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guide to touching up your suit without wrecking it - Page 2

post #16 of 172


Aside from the very useful info, the fit of the suit in the pics is truly excellent too.
post #17 of 172
all dry cleaners should be forced to memorize this procedure and then tested to the point of certification; if they don't pass, a pink faceplate of an iron ought be painted on their shop window; if they pass perhaps just a make the irons' faceplate blue w/a date of their last surprise test...for that matter, is there any org/high quality garment care mafia, ( like the kosher-foood-mafia-of-my-so-called-people), in existence ?
post #18 of 172
Finally! Been waiting for ages!
jeffreyd, you're the man!!
Thank you
post #19 of 172
Quote:
Originally Posted by penguin vic View Post


Aside from the very useful info, the fit of the suit in the pics is truly excellent too.

According to his blog, he made it himself.
post #20 of 172
Many, many thanks, Jefferyd; you are a master.
This is what makes SF the valuable resource it is - sound advice from people who really know that of which they speak.
Respect.
Beau
post #21 of 172
Very interesting article but there is a point where possessions start ruling our lives.

If my suits need a good pressing I'll take it to a professional. Minor wrinkling gets a little blast from the steamer at home. Probably not the optimal way of doing things but I don't live to serve my wardrobe.

Clothes should be enjoyed.

-

That Prince of Wales check jacket is great btw.
post #22 of 172
Thread Starter 
Quote:
Originally Posted by crpz32 View Post
According to his blog, he made it himself.

Shhh- now I'll have all the rope-shoulder haters dumping on me!
post #23 of 172
Nice suit and very informative guide. Thank you jefferyd.
post #24 of 172
Excellent post, thank you sir. +1 on the respect points.
post #25 of 172
jefferyd


Thank you very much for taking a great deal of time for this excellent post. Just as Doc Holliday made us here aware of your great canvass thread at AAAC, I've reposted this thread in AAAC where members can benefit from this and where I hope it will become incorporated into the HOF, joining your canvass thread. Your instructions, along with Kabbaz's instructions for cleaning, spot-cleaning, and ironing a shirt, are very informative and useful.

I assume that we should hand-press our suits only if we brush them after each wear and make sure that we have removed any stains, either by sponging or spot dry cleaning. In 2 email conversations with Anderson and Sheppard I learned that they have two kinds of sponging, one for when they originally make a suit, the other for stain removal. When they make a suit, the sponging is done with a dolly, a small piece of rolled cloth tied with string, to which they add tap water and then apply to a suit before hand pressing with a flat iron. But for cleaning, sponging for a light stain entails a little water dabbed to the area, followed by brushing, gently for lightweight cloths, more vigorously for heavier flannels and tweeds, in the direction of the cloth's pile. For a deeper stain then brushing with and against the pile is the method used.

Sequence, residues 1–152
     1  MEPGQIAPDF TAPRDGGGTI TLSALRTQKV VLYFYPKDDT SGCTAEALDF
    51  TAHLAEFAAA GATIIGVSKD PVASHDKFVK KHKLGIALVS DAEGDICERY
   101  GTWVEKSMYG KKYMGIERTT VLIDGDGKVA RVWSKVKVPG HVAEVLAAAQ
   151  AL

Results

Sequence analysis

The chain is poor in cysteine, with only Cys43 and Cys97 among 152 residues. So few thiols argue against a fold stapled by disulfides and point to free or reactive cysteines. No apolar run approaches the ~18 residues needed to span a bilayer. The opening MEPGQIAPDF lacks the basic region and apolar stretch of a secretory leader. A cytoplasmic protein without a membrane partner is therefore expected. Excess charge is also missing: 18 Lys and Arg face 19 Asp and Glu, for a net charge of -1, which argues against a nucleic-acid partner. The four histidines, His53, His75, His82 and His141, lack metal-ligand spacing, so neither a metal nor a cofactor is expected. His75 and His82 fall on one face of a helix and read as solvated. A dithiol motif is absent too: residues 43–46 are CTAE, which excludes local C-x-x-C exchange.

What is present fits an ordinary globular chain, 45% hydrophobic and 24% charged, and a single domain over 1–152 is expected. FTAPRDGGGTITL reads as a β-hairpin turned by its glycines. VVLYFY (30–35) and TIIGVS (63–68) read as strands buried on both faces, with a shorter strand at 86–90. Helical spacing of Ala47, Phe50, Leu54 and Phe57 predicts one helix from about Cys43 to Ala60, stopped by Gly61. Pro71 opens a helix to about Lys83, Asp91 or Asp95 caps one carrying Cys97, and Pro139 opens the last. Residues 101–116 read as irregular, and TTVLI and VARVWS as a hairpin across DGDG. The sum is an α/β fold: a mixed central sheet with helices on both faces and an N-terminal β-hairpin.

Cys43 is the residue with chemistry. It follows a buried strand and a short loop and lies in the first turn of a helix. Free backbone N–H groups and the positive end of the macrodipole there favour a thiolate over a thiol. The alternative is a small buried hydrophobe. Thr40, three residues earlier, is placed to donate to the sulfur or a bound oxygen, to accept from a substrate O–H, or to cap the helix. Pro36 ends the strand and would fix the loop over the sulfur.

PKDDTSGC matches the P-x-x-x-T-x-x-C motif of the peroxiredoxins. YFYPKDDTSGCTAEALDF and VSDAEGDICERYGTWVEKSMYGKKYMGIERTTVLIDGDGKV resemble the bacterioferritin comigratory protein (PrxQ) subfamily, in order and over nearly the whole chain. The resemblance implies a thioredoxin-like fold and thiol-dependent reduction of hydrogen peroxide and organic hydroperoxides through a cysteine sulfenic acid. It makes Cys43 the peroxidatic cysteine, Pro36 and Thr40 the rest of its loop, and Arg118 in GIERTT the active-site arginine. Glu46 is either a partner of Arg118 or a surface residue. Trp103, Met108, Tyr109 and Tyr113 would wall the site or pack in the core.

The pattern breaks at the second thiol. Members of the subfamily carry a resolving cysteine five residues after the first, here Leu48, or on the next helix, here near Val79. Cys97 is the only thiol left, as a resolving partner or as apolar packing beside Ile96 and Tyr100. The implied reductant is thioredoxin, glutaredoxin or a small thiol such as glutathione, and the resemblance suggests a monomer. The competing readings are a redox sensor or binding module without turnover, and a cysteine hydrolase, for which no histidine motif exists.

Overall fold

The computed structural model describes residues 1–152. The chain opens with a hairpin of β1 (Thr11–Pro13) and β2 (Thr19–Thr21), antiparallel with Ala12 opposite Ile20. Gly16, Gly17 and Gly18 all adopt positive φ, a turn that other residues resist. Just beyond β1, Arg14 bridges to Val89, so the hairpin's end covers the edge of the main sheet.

For general brushing, do you recommend going with the pile first, then against the pile, and do you recommend brushing both inside and outside the suit?
post #26 of 172
jefferyd: I like your post and your garments - May I ask who makes your clothes?

Many thanks!
post #27 of 172
Thanks Jefferyd, great post!
post #28 of 172
Quote:
If my suits need a good pressing I'll take it to a professional.

Ah, but the problem is *finding* a professional. Dry cleaners who can hand finish a suit, good cobblers, good tailors--all these are rare, and, in some cities, non-existent. I've had a few items butchered by so-called "professionals" on the way to finding ones who actually knew what they were doing. It's good to know how to do things on one's own, even if one hires out. Thanks Jeffreyd.
post #29 of 172
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post #30 of 172
Quote:
Originally Posted by merkur View Post
How do we prevent the dry cleaner from destroying our garments?

We can't.
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